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Faux taxis pose problem for Iowa City

BY CARTER CRANBERG | FEBRUARY 24, 2014 5:00 AM

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Iowa City residents might want to take a closer look next time they step into a cab.

According to Iowa City police and cab companies, there have been at least two unlicensed taxi drivers — who they label “hacks” — on the streets at night.

Adil Adams, the owner of American Taxi Cab, said there is potential danger in riding with such drivers.

“In our taxis, we have the name of the driver posted in the car, so if a rider has a problem, they can report him,” he said. “You can’t do this with unofficial drivers.”

In Adams’ opinion, the recent chain of sexual assaults having taken place in taxis with unidentified drivers may be a result of “hacks.”

“At night, people are drunk, cold, and jump inside an anonymous van that might not be a real taxi — bad things can happen,” he said.

Adams said creating a faux cab would be simple. Stencils from Wal-Mart can be applied to any car and create a taxi-like look.

The owner of a local taxi fleet who wished to remain anonymous said many unlicensed tend to fade out on their own.

“I’ve heard about people who buy a mini-van and hand out their number for picking people up,” he said. “I don’t think they hold out long though. People catch on and realize they don’t legally have to pay or that it’s not safe, so these pirate taxis don’t seem to last.”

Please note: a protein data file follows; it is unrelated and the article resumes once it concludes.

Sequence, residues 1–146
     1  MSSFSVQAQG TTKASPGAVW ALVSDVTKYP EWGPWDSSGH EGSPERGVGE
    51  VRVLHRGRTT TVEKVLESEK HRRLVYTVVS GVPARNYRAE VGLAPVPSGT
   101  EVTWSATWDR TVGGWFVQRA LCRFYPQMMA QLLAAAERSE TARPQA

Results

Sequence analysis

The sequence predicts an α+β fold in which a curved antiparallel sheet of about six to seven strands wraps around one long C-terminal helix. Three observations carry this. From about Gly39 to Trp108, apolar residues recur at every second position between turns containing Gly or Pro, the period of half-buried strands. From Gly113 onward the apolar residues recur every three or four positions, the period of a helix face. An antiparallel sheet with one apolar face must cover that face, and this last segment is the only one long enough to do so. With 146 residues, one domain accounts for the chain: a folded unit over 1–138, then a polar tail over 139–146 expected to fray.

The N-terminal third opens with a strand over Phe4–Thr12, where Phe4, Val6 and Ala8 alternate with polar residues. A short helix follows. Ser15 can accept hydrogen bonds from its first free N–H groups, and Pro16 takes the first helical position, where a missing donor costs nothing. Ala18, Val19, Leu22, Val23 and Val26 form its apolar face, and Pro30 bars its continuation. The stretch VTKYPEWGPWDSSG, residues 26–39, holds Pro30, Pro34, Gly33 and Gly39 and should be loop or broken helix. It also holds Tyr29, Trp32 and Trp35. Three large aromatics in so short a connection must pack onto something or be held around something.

Despite the tendency for such faux cabs to die out, the taxi-fleet owner was aware of a couple drivers who managed to stay afloat, even with pressure from the law.

Iowa City police Officer Derek Frank said loopholes in driving laws allows people to create illegitimate taxis.

“The problem is that with the way the ordinance is right now, there is nothing prohibiting people from giving rides,” he said. “They just can’t legally charge, so you see them asking for ‘donations’ or other tactics like that.”

Frank said these rides are cheaper than their legal counterparts, and as a result, people will often turn a blind eye to the issue.

While Frank believes the numbers of hacks might be low, Assistant City Attorney Eric Goers indicated due to a lack of licensing with these drivers, an accurate number could be hard to place.

“It’s hard to gauge if this occurs often or not,” he said. “We do have penalties in place for unlicensed drivers and do manage to catch them from time to time.”

Adams said there is an annual meeting in place for taxi companies to discuss problems with the city. He believes if these meeting were extended, the issue of unlicensed may be better addressed.

“Every year, the city clerk has a meeting with all taxi companies in front of City Council to discuss regulations, but it only lasts one hour, and this isn’t enough time to get anything done or fix problems,” he said. “We need a full-day meeting to look over and try to fix problems.”


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